Friday, 12 November 2010

Extreme Night Shooting Tips

Night shooting is a mis-nomer. It should be called 'evening' or 'dusk' shooting because, if you leave your night shooting till the sky has turned black your pictures are likely to look gloomy, heavy or uninteresting.
The best time for shooting is early evening, just as the sun is going down and while the artificial lights are being switched on. There's a point you reach where the balance between artificial and ambient light is just right. This is  normally over in only 10 or 15 minutes.

My suggestion for anyone wanting to shoot after this time is to zoom in and fill the frame with as much color as possible. This is kind of difficult if you're shooting in the country (because there are very few lights on) but it if you're staying in the (inner) city, there's usually plenty of action in the form of neon lighting, to shoot. Even though I prefer to shoot during the golden hour around dusk, here are some tips on how to get the best results shooting in cities after dark.
1: Use a tripod
2: Use a tripod

OK, I think we got that point. There's no point in shooting at night unless a rigid tripod is being used. Hand-holding is almost a waste of time unless you can lean on a pillar, support the camera on a railing, or similar, or find some other way of stabilising the camera.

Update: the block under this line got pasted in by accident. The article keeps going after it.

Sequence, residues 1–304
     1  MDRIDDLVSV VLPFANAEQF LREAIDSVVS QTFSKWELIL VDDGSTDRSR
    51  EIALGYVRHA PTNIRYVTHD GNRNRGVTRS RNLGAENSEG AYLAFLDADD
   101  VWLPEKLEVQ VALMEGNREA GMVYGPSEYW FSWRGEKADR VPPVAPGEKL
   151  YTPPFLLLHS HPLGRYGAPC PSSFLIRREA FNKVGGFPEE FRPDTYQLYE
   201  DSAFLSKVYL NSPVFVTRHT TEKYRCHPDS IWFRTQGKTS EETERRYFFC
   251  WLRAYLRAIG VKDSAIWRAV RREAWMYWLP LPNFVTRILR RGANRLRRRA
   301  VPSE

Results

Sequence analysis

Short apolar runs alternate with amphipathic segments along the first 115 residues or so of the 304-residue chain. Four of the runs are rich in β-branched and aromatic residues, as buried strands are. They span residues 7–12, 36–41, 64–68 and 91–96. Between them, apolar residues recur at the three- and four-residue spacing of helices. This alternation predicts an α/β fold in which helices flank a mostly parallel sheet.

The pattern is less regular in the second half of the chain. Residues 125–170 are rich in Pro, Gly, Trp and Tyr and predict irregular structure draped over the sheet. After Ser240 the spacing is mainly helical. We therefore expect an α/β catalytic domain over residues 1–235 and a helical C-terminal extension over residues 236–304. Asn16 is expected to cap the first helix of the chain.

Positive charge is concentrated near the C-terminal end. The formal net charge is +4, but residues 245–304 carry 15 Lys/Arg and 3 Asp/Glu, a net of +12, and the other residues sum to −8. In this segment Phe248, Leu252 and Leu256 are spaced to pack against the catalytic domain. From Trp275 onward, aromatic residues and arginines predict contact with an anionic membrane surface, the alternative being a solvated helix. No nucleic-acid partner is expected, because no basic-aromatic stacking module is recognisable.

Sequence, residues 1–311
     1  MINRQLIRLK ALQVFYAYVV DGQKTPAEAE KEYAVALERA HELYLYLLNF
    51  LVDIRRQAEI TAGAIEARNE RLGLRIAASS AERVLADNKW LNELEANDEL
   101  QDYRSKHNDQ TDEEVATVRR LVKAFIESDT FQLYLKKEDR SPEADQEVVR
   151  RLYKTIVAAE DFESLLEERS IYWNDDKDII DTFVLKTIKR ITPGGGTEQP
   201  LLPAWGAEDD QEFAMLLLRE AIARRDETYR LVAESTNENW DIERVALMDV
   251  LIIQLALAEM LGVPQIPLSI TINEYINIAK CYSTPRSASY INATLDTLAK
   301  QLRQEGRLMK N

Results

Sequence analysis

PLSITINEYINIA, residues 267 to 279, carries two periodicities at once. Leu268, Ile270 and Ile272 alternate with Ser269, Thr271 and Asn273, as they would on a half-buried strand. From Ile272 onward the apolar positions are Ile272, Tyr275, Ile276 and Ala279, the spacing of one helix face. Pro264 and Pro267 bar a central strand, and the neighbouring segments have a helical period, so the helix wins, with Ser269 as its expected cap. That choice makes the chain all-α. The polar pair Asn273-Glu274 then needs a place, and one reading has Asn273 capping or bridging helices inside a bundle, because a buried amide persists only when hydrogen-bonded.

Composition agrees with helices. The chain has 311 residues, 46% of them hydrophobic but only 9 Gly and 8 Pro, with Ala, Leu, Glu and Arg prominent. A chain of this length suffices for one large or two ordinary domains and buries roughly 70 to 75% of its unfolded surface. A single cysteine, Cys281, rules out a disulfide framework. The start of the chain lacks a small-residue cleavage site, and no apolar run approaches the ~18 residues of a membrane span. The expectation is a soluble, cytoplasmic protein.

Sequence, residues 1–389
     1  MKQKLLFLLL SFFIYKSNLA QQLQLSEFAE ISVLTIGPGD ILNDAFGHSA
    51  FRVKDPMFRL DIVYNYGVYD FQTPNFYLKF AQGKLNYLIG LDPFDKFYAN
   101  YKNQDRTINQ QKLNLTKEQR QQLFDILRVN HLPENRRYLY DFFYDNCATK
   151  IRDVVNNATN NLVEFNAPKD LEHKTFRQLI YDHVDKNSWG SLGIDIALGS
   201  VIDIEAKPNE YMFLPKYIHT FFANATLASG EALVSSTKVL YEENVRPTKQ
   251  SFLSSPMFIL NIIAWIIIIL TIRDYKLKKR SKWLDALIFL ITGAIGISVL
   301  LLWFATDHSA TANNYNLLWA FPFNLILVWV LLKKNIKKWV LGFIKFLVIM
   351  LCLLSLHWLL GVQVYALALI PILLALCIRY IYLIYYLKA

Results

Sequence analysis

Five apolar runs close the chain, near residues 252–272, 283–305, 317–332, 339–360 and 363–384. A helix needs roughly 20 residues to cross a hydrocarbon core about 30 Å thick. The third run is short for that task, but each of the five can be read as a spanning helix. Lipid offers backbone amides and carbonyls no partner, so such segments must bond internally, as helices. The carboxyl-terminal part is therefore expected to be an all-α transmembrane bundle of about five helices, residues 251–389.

Even the slightest vibration is enough to produce a 'so what' picture. Raising the ISO does help stability but at night, the noise this generates makes the whole exercise seem a bit pointless.

3 stops over-exposure gives a good sky color. 30secs, f5.6, ISO100

Underexpose heavily to record detail in the highlight areas. 3secs, f5.6, ISO100
The best way to get a shot like this is to use a tripod and make three exposures (the lightest and darkest are included here to give you an idea of what these should look like.). These frames are then put together in post using Photomatix Pro. In this example I used the Tone Mapping option as this is good for handling extreme contrast. The blurred sky is a result of the clouds moving during the exposure.

1: Tripod
2: Cable release NEVER press the shutter directly as this does move the camera/tripod combo
3: ISO 100, never higher
4: Set your camera to shoot a custom color parameter. These can be modified to produce less contrast - which helps with the final tone control.
5: Use AEB (bracketing) to get the three exposures. Nikon DSLRs can shoot up to nine images in one bracket. If you need a wider exposure, work in Manual metering mode.

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